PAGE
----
New Wave

Christine Evangelista Knows You’re Comparing Her New Show to Scientology

“The Arrangement” star (and Linda’s cousin!) is setting the record straight.

By: Samantha Sutton
Photography: Alec Kugler

There may be a million and 10 shows you’ve been meaning to watch, adding them to your queue, binging on the weekends, etc. But before you devour another throwback series, you should definitely check out a new one, The Arrangement. The E! hit is a twisted kind of love story—one involving actors, relationship contracts, and a Scientology-like religion. It also stars the multi-talented Christine Evangelista, who plays one of the show’s main characters, Megan. 

If Christine’s name is ringing a bell, you’ve probably seen her here and there, popping up on episodes of The Walking Dead as well as the movie Bleed For This. And yes, she *is* related to Linda: the supermodel and icon is actually Christine’s cousin.

When we met up with the actress at her New York apartment, we talked about a variety of topics, asking a few questions about the show—which just got renewed for season two!—and her climb toward the top (which actually includes some reality TV).

 

On her show, The Arrangement:

“I love the story, I love the concept, I love playing Megan. At its core, I would call this a love story. Can true love sustain all of these manipulated environments, whether it’s Hollywood or it’s the institute? Can love prevail? Can love at first sight exist? But I was very surprised to see the direction that the show goes, and I would certainly classify this more as a romantic thriller.”

About those comparisons to Scientology and Tom Cruise:

“I can definitely understand why people make that comparison. But this is a different situation, these are unique characters, and I think in time people will see that.”

 

If she thinks arranged celebrity marriages happen in real life:

“People have come forward to tell me they have friends that have been either propositioned, or they know people who were put together. I’m very surprised, but I understand. There is some strategy. There is what’s called the Hollywood hype machine, and we look at tabloids and we see stories that are so clearly put together. But arranged marriages as a concept obviously have been around for a long time.”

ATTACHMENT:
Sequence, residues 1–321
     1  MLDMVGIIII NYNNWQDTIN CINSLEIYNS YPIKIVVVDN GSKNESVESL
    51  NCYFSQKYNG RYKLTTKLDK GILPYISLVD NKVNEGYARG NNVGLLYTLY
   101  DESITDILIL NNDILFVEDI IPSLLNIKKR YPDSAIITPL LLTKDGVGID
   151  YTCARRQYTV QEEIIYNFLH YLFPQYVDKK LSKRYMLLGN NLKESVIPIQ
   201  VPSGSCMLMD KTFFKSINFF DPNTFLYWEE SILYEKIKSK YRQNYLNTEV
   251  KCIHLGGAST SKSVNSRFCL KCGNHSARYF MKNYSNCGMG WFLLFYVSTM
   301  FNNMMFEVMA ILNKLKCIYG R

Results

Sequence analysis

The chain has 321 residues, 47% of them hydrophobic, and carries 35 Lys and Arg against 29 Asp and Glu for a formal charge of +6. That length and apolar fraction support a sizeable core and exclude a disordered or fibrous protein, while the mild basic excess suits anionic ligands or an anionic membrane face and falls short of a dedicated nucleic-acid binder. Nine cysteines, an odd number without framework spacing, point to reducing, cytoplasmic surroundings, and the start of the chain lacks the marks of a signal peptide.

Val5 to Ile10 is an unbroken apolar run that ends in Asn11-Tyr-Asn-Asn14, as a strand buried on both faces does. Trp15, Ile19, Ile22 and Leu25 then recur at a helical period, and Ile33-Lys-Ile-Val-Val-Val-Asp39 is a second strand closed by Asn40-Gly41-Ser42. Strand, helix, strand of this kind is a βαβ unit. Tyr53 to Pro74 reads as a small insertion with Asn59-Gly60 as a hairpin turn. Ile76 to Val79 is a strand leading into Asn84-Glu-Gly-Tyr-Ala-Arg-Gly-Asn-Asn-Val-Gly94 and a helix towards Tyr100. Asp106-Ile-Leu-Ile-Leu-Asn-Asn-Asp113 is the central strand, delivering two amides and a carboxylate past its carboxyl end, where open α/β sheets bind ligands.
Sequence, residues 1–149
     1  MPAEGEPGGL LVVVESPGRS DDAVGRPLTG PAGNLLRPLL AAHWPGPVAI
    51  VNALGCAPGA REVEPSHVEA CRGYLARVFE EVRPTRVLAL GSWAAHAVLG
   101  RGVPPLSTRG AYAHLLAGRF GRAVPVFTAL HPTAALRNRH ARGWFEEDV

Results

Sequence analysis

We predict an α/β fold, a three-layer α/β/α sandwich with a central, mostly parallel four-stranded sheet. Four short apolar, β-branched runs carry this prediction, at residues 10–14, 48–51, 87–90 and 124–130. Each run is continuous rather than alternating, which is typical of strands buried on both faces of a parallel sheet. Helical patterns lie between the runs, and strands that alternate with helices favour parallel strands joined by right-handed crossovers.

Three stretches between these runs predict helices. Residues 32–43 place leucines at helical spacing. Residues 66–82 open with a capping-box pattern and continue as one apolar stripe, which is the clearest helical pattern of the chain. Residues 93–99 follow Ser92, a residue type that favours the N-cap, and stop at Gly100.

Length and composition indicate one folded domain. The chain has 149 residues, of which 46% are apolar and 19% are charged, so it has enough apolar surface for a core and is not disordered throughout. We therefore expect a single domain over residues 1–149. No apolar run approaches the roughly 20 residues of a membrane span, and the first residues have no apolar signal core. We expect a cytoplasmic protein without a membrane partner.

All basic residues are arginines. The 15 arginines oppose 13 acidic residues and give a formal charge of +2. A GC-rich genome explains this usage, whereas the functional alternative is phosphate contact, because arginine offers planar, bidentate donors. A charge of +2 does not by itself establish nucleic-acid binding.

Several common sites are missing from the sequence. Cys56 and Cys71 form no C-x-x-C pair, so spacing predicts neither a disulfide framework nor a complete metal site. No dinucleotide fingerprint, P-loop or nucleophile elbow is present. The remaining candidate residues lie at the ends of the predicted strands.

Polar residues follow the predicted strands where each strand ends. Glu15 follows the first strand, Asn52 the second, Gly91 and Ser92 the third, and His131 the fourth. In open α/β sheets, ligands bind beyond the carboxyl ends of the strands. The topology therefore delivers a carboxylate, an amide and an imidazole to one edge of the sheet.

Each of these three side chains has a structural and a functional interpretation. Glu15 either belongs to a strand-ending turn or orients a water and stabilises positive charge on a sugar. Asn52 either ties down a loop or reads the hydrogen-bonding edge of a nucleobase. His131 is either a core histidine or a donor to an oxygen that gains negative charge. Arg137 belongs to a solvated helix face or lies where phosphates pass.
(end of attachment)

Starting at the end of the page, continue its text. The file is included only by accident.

On appearing in the 2003 reality TV series, Fame:

“I was in high school at the time, and I went to California and studied with Debbie Allen at her dance academy. They were looking for what they called a triple threat, and I remember thinking, ‘Okay, that’s someone who can sing, dance, and act.’ I was very much a singer and dancer growing up, and I did musical theater. I’m like, I’m going to put a song together and put monologue in the middle of it. So I did this piece, and a judge gave me this really weird review. I was just like, ‘Fuck this’ and said something to him on the stage. I think I was just over it at that point, and I remember I came home and got a phone call from an agency. But I wanted to keep working in New York. I went to HB Studio in the West Village and ended up doing plays there for a while, but that’s how I actually got my start as an actress: I told off some judge, some radio DJ, on a stage [laughs]. Look at me now.”

 

Her advice for making it in the industry:

I always say just keep going. It’s super hard and there’s an enormous amount of rejection. Of course you have to be good, you have to be talented, you have to be a hard worker, but I know a lot of really hard working, good actors that haven’t had their deserved break yet. It’s one of those things where, no matter how hard you work or prepare for something, it doesn’t necessarily mean you’re going to get that role. It could be a physical thing—there are so many subjective elements, and it’s difficult to be objective in that case. It’s hard when you’re broke and you’re struggling and you need a creative release. But just keep going. If I can do it, anyone can do it.”

On that Instagram shoutout from her cousin, Linda Evangelista:

“When we were growing up, that was her prime, so I would see her a lot at family functions, but she was traveling all over Europe half the time. I think what she represented to me was the possibility. She started when she was young, and was part of this whole movement that was totally extraordinary, but it was a slow climb for her. It’s nice, because I know that she knows how hard I worked for it.”

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